DIY multi-color fluorescence microscopy system attached to a smartphone. [Image: University of Houston]
A research team led by Wei-Chuan Shih from the University of Houston, USA, reports creating a multicolor fluorescence microscope from a smartphone and a 3-D printer—and they’ve made the computer-aided designs available online for free (Biomed. Opt. Express, doi: 10.1364/BOE.8.005075). The scientists say the smartphone microscope, outfitted with a 3-D inkjet-printed elastomer lens and a polylactic-acid (PLA) housing, could help equip researchers and healthcare providers in developing and rural areas, as well as hobbyists and backpackers, with imaging techniques for diagnostic functions, including detecting waterborne pathogens.
According to researchers, the new DIY tool is capable of autofluorescence, fluorescent stains and immunofluorescence—three common types of investigative fluorescence microscopy. And it’s also, they say, not only less expensive than traditional benchtop microscopes, but easier to use.
Simple and printable
Fluorescence microscopy has been difficult to scale down to an easily accessible, portable platform, because the method requires accurate optical alignment and precise, directional illumination—that is, expensive filters and objective lenses, and a repositionable light source. Shih’s group says it has overcome these hurdles by equipping its smartphone microscope with interchangeable self-adhesive lenses and a fixed, side-launched light source, which together simplify optical alignment and illumination.
The 3-D-printed polymer lenses self-adhere to the phone’s camera lens and need minimal centering for optical alignment. The other 3-D-printed parts, composed of PLA, include an adaptor fitted onto the phone’s camera-end; an adhesive ring with a color filter to remove stray light from the system; a base ring attached to the adapter; a threaded barrel for z-axis focusing and a slot for inserting sample slides; a lid to block ambient light; and a module that holds five surface-mounted light-emitting diodes (LEDs) for sample illumination.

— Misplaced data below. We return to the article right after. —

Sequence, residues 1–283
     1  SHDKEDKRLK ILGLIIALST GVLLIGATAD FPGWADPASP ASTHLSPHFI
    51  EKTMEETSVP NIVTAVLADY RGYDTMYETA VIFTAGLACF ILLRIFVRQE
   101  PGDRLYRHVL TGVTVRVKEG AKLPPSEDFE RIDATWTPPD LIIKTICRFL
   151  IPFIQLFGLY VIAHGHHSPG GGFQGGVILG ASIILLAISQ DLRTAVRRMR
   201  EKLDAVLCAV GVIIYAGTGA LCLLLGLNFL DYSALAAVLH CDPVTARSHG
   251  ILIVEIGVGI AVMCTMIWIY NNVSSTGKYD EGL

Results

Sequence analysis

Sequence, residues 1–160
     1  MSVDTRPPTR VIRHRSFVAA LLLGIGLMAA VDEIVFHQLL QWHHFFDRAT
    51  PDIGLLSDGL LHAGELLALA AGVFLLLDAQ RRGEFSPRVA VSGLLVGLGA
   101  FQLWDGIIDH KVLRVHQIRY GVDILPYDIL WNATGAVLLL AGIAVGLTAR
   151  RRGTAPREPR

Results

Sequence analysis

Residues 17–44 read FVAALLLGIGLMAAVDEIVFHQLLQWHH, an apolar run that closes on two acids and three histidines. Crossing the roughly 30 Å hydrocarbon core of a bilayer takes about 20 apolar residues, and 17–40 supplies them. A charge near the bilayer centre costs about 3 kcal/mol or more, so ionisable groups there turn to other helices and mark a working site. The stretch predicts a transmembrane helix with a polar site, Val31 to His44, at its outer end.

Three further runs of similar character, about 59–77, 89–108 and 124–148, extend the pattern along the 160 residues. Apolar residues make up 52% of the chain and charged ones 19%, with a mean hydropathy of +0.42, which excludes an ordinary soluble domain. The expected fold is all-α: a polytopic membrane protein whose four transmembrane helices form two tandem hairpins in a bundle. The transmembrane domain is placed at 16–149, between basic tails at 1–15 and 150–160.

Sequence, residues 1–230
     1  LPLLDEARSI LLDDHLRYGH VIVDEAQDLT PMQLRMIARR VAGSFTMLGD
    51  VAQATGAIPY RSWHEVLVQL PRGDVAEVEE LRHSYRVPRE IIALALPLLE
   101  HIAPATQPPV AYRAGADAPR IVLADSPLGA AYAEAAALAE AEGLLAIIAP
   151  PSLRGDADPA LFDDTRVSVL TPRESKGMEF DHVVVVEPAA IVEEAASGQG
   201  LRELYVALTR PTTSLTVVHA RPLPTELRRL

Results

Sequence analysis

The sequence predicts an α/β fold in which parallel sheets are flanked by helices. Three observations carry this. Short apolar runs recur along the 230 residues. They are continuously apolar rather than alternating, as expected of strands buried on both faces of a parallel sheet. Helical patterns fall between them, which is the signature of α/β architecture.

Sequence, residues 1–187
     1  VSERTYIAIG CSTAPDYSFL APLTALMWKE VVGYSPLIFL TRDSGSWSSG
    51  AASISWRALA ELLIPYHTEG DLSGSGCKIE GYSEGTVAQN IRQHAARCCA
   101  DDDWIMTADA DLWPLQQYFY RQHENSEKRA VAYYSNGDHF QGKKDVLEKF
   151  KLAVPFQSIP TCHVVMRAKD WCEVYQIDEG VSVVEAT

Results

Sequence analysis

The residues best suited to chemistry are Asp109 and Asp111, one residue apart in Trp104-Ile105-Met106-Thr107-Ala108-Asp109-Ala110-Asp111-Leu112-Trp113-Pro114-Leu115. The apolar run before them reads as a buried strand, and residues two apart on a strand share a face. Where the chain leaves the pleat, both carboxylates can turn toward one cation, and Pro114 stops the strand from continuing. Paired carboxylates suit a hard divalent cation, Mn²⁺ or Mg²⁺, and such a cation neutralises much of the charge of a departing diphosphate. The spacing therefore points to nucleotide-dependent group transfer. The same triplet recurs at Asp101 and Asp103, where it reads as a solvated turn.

Fluorescence from a fixed distance
The side-mounted LEDs eliminate the need for an adjustable light source for different lenses or emission filters. Light from the LEDs is launched across a standard 1-mm-thick glass slide, providing illumination guided by total internal reflection between the top and bottom glass/air interfaces. The sample, which rests on the glass slide, couples out the illumination. The elastically scattered photons are blocked by the filter in the adhesive ring, while the fluorescent photons can reach the elastomer lens on the phone’s camera.
Images from the fluorescent photons are first converted to an uncompressed digital-negative format, and then decoded to a lossless TIFF images for viewing in-phone and exported to a computer for further processing.
Imaging parasites in water
Wei-Chuan Shih [Image: University of Houston]
Shih and his team used their smartphone microscope to image water samples containing Giardia lamblia and Cryptosporidium parvum—two types of waterborne parasites—via multicolor immunofluorescence. Compared with images they captured using a tabletop fluorescence microscope, their smartphone images had a slightly lower resolution (2 µm with deconvolution). However, the researchers were still able to differentiate parasites from similarly sized polystyrene beads in the water samples.
The researchers say the entire smartphone attachment weighs 26.5 grams, can operate for one hour on two 1.5-V button batteries, and costs less than US$20 to make. They hope that eventually the technology could be used to bring on-site analysis, on-demand monitoring and point-of-care diagnostics to nearly anyone, anywhere.
Making it open
In a press release, Shih commented the decision to make instructions for building the device open to all. “I think it [the smartphone microscope] will have more impact if we let people play with it, rather than trying to hold it as a secret,” he said. “We should make it as easy and accessible as possible for everyone.” The open-source dataset is available for download here.
Back in 2015, Shih and his colleagues created an inkjet-printed lens that can turn a smartphone into a microscope. That project led to the lab creating a company, Dotlens, to produce and distribute the lenses.